If bone marrow aspiration yields a poorly cellular or nondiagnostic sample, a core biopsy may be beneficial. A core biopsy allows for improved evaluation of bone marrow cellularity, iron stores, and bone marrow stroma. This may be particularly helpful in the diagnosis of conditions that alter the stroma of the bone marrow, such as myelofibrosis[5]. A current CBC should always be reviewed in conjunction with bone marrow evaluation.

Serum Iron Evaluation

Laboratory findings for cats with iron-deficiency anemia can closely resemble those for patients with anemia of inflammatory disease. An iron panel, which is used to evaluate iron levels and availability, can aid in making the distinction between these conditions. Because processes other than iron deficiency can decrease iron values, a serum iron level is a nonspecific measurement. Total iron-binding capacity (TIBC) is a measure of serum transferrin content relative to iron content. The TIBC in a healthy cat is between 169 and 325 µg/dL[6]. The difference between serum iron levels and the TIBC indicates the unsaturated iron-binding capacity, or the amount of iron-binding capacity still remaining on transferrin. The normal unsaturated iron-binding capacity for cats is 105 to 205 µg/dL. The percentage of transferrin saturation can be calculated by dividing the serum iron value by the TIBC value[7].

With iron deficiency, the TIBC is generally increased, while serum ferritin levels tend to be decreased. However, in addition to being an iron-binding protein, ferritin is also an acute-phase inflammatory protein. Thus, ferritin levels may be increased in conditions involving an inflammatory response, particularly in interleukin-1 production[8].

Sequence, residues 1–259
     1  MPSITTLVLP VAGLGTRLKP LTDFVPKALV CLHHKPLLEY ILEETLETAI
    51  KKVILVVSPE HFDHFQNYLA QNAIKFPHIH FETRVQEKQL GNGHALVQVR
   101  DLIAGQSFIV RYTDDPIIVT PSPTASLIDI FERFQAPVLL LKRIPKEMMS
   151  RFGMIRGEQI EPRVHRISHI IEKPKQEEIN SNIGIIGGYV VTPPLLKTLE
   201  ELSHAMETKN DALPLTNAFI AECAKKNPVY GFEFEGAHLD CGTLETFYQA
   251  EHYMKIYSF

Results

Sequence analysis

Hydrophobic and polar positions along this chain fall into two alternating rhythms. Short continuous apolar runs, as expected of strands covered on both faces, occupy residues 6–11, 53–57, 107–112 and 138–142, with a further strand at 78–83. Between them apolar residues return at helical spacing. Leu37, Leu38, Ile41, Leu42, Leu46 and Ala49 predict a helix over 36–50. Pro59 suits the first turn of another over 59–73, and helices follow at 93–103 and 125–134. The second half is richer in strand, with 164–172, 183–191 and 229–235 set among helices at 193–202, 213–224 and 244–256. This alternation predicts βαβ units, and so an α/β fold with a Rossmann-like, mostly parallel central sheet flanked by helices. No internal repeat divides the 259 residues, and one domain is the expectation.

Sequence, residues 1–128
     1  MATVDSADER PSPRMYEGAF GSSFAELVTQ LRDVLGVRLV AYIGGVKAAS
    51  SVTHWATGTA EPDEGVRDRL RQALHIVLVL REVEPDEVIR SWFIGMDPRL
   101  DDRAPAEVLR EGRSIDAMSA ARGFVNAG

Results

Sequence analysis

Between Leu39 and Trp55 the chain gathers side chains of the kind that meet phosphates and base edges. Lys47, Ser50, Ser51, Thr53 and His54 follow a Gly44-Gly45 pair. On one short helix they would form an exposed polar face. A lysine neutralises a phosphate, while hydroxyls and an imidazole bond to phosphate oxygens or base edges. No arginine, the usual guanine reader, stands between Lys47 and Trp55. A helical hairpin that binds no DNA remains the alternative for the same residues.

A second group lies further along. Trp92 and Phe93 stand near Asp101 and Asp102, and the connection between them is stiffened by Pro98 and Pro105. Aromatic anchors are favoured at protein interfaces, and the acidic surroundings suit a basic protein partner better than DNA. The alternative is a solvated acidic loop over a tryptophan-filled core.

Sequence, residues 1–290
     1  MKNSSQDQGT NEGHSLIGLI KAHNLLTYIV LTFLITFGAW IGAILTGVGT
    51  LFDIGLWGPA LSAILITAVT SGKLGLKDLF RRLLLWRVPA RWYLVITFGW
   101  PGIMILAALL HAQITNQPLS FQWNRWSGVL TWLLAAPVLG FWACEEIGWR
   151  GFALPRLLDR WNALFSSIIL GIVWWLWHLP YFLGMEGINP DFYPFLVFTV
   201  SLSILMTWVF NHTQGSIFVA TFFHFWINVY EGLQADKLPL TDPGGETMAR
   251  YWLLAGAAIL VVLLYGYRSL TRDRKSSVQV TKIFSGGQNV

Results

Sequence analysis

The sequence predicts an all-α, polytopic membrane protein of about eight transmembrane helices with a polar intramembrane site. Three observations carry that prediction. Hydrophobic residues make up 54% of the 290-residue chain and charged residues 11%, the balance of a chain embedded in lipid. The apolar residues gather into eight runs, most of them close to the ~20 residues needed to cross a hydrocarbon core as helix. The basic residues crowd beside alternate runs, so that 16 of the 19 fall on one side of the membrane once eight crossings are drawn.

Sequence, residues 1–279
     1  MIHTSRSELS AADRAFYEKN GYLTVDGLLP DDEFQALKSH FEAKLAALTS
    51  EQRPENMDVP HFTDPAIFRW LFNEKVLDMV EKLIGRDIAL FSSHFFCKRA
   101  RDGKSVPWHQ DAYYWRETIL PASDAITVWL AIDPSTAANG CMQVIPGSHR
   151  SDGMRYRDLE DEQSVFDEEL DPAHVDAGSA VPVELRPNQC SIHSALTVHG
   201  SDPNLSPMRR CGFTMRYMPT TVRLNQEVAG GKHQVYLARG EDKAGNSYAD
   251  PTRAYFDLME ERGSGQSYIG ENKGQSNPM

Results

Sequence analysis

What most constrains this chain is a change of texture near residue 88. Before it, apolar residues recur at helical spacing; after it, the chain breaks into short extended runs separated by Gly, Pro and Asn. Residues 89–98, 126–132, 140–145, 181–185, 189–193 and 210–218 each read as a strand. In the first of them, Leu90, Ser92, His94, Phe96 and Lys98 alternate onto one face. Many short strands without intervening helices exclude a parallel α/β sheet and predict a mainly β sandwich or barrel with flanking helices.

Medical treatment includes use of iron supplementation, EPO and blood transfusion.

Currently, there is no established threshold hematocrit below which a cat requires a blood transfusion. Rather, the decision to transfuse an anemic patient is based on the hematocrit in conjunction with the clinical picture. Clinical signs such as tachycardia, tachypnea, poor pulse quality, lethargy, weakness, or pale mucous membranes may indicate that a transfusion is warranted. Cats are most often transfused because of anemia as a result of blood loss, followed by erythropoietic failure (most commonly due to renal failure)[9].


  1. Fan LC, Dorner JL, Hoffmann WE. (1978) Reticulocyte response and maturation in experimental acute blood loss anemia in the cat. JAAHA '14:219-224
  2. Blue JT. (1991) Anemia in cats: part I. Feline Health Topics 6(1):3-6
  3. Giger U. (2005) Regenerative anemias caused by blood loss or hemolysis. In: Ettinger SJ, Feldman EC, eds. Textbook of Veterinary Internal Medicine: Diseases of the Dog and Cat. St. Louis: Elsevier Saunders; pp:1886-1907
  4. Stone MS, Freden GO. (1990) Differentiation of anemia of inflammatory disease from anemia of iron deficiency. Compend Contin Educ Pract Vet 12(7):963-966
  5. Car BD, Blue JT. (2000) Approaches to evaluation of bone marrow function. In: Feldman BF, Zinkl JG, Jain NC, eds. Schalm's Veterinary Hematology. 5th ed. Philadelphia: Williams & Wilkins; pp:33-37
  6. Tilley LP, Smith FWK. (2004) The 5-Minute Veterinary Consult, Canine and Feline. 3rd ed. Philadelphia: Lippincott Williams & Wilkins; pp:1375
  7. Smith JE. (1992) Iron metabolism in dogs and cats. Compend Contin Educ Pract Vet 14(1):39-43
  8. Andrews GA, Smith JE. (2000) Iron metabolism. In: Feldman BF, Zinkl JG, Jain NC, eds. Schalm's Veterinary Hematology. 5th ed. Philadelphia: Williams & Wilkins; pp:129-134
  9. Klaser DA, Reine NJ, Hohenhaus AE. (2005) Red blood cell transfusions in cats: 126 cases (1999). JAVMA 226(6):920-923